Nicotine Withdrawal Hijacks Brain Connections Tied to Self-Control
Smoking in America
Smoking contributes to heart disease, cancer, lung disease and other serious illnesses. It is the leading cause of preventable death in the U.S. and in many other countries throughout the world. Smoking is responsible for billions of dollars of healthcare money to treat those who have become sick from cigarettes. There are so many reasons to prevent people from starting smoking and to help current smokers quit.
Education and awareness have done their part to reduce the amount of smoking in the U.S. In the last 50 years, the percentage of adults who smoke has been reduced from 42 to 19. And yet, we have reached a stand-still. Education can only go so far. For some reason, despite the known dangers, many people still smoke. Cigarettes still cause around 440,000 deaths each year. The problem now is that quitting, even for those who desperately want to, is very difficult.
Nicotine Addiction and Self-Control
There is always an element of self-control when it comes to an addiction of any kind. However, it is important to understand that this is a complex factor. For a nonsmoker with strong self-control, it seems like quitting should be achievable. But what if nicotine hijacks that self-control mechanism? Suddenly, doing what you want to do—what you know you should do—isn’t that easy.
A recent study from the University of Pennsylvania School of Medicine used brain imaging to find out what goes on in the minds of smokers trying to quit. They found that when people are experiencing withdrawal from cigarettes, they struggle with making a switch from default mode in the brain to executive control, more so than a nonsmoker. In other words, something about withdrawal from nicotine makes it difficult to exert conscious self-control. This may help explain why up to 80 percent of people who try to quit smoking end up relapsing.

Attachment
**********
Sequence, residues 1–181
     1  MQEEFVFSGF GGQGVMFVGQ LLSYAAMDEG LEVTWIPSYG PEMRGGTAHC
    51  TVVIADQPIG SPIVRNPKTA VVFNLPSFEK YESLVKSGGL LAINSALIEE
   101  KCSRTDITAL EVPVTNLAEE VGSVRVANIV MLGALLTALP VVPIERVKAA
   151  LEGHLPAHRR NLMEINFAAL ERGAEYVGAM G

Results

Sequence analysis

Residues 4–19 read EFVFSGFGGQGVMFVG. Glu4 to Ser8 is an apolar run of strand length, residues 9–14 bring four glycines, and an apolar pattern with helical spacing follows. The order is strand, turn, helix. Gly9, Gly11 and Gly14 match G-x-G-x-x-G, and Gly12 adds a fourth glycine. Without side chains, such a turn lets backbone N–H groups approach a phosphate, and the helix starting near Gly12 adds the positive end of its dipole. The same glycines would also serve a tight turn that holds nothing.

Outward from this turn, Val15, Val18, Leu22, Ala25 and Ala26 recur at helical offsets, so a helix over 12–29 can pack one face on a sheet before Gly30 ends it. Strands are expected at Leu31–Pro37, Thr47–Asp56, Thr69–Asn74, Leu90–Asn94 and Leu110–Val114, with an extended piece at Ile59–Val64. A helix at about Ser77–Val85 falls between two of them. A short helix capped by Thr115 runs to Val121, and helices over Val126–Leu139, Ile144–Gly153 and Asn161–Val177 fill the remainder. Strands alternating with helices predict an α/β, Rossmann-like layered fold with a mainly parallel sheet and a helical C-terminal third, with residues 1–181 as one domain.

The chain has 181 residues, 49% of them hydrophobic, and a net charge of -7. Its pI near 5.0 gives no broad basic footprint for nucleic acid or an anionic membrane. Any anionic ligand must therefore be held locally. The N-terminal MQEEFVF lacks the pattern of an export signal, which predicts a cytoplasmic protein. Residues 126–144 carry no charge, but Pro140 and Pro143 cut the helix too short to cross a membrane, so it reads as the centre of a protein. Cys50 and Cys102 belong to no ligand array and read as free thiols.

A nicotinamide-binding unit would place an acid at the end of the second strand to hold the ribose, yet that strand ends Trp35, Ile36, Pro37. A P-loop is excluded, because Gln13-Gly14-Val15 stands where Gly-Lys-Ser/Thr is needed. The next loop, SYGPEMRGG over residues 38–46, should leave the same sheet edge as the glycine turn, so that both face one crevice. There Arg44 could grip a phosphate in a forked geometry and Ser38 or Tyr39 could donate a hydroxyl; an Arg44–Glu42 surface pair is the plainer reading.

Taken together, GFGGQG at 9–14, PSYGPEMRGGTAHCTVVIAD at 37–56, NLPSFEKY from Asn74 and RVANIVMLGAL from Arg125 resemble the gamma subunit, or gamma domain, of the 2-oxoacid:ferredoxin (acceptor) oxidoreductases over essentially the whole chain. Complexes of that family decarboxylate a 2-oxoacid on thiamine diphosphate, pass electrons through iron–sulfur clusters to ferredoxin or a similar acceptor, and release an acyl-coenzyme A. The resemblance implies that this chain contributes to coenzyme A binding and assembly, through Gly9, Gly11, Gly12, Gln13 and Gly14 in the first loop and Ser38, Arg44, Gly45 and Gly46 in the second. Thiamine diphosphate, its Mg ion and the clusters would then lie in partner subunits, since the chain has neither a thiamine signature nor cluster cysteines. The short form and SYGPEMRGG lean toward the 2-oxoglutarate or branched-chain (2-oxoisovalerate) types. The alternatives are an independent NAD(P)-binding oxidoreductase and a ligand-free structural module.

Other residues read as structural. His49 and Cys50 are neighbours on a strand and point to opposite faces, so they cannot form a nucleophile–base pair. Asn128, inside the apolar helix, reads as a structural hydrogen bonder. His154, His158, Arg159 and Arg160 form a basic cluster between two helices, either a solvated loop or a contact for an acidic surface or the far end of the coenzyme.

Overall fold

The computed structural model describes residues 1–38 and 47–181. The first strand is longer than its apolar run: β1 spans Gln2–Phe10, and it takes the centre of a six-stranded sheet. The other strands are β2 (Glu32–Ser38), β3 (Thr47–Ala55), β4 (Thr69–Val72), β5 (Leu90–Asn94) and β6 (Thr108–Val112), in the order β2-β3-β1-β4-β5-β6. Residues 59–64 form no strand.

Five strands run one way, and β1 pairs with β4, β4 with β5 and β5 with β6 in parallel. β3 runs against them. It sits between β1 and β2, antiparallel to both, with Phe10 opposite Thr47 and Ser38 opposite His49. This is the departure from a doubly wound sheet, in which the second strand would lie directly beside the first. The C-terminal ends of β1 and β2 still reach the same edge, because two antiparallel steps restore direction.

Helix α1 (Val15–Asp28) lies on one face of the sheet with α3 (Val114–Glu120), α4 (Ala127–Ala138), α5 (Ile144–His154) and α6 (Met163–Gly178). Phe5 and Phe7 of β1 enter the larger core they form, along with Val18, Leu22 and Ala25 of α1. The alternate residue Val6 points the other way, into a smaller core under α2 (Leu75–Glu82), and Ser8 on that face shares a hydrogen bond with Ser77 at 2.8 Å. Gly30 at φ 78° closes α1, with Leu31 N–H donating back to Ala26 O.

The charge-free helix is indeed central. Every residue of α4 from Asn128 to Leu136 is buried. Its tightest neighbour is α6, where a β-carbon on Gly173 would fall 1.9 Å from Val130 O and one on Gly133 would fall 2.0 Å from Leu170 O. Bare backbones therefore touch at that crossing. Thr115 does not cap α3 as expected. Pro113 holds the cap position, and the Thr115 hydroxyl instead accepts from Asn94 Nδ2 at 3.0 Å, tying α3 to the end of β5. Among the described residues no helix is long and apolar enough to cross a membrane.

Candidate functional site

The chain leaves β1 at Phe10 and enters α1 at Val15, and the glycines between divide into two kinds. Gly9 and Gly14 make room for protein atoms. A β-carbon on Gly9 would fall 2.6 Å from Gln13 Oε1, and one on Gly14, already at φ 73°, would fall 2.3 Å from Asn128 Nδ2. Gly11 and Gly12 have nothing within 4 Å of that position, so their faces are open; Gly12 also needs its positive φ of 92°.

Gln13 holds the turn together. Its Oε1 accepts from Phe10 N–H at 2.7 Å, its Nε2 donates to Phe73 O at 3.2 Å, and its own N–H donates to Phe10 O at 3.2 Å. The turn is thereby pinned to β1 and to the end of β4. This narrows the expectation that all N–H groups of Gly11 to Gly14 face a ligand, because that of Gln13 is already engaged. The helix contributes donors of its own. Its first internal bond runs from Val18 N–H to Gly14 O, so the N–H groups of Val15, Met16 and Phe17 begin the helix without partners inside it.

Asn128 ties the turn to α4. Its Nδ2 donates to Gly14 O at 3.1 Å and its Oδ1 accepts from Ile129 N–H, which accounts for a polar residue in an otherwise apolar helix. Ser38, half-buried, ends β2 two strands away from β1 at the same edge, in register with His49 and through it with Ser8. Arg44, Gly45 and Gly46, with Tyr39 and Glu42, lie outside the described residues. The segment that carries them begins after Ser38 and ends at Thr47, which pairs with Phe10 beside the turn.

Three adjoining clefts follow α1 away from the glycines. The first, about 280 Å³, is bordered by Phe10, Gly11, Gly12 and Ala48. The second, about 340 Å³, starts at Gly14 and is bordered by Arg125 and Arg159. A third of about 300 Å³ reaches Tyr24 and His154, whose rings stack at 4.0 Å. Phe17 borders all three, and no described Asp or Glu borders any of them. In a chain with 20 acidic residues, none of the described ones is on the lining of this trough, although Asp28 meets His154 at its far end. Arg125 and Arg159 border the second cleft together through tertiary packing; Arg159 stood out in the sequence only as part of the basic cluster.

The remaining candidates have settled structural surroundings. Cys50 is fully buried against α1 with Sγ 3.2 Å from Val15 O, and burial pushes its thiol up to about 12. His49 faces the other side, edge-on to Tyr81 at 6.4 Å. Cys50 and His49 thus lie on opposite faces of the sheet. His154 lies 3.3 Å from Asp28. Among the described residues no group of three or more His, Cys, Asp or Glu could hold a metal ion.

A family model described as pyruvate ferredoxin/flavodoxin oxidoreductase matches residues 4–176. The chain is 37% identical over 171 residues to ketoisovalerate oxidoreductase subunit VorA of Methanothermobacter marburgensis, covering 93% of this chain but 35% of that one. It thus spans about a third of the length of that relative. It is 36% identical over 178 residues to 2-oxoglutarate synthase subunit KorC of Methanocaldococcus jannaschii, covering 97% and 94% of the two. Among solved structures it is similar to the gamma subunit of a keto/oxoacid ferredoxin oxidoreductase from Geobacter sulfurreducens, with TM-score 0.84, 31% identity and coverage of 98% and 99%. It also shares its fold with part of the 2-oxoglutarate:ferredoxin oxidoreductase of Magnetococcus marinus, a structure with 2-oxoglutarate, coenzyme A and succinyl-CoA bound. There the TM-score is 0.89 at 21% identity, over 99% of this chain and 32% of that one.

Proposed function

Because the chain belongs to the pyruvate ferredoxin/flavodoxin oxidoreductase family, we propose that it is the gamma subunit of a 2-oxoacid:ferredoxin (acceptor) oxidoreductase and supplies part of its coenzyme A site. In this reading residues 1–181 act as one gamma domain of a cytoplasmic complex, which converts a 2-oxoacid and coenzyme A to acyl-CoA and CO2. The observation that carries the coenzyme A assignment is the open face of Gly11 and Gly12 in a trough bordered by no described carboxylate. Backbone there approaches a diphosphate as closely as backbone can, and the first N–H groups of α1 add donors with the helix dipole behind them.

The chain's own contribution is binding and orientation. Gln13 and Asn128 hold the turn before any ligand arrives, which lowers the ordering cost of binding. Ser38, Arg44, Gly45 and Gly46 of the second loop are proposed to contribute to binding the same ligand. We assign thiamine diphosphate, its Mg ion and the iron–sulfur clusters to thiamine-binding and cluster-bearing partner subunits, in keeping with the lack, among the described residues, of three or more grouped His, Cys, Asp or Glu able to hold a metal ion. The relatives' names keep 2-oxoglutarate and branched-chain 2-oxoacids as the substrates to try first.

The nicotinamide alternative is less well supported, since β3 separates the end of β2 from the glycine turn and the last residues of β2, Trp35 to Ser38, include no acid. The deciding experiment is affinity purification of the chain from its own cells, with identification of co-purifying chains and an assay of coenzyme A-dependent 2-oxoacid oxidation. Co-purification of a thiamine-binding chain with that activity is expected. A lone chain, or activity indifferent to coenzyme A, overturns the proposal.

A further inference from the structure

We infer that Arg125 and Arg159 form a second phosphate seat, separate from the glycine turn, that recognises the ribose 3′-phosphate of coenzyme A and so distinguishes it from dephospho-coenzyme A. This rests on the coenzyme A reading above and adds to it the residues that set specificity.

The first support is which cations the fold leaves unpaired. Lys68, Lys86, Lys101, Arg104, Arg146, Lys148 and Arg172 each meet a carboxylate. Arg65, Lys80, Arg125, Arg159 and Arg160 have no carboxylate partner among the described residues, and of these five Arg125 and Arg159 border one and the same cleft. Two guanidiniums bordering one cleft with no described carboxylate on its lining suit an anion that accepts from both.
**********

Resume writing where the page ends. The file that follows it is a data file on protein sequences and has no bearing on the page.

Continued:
This study was the first to make comparisons between the brains of people who do not smoke, people who do smoke and people going through withdrawal from smoking. The comparison is important and it shows that the latter group has weaker neural connections in the parts of the brain needed for exerting self-control. If those people were then given a cigarette, their connections went back up and they could again exert normal self-control.
The decrease in brain network connectivity varied in people, making it more difficult for some to quit than for others. The research tells us that there is a biological basis to explain why quitting is so challenging. It also provides a marker that could help us identify people who will find it more difficult to quit than others. If professionals knew who would have more trouble quitting, they could target more effective treatment techniques and help more people quit smoking once and for all.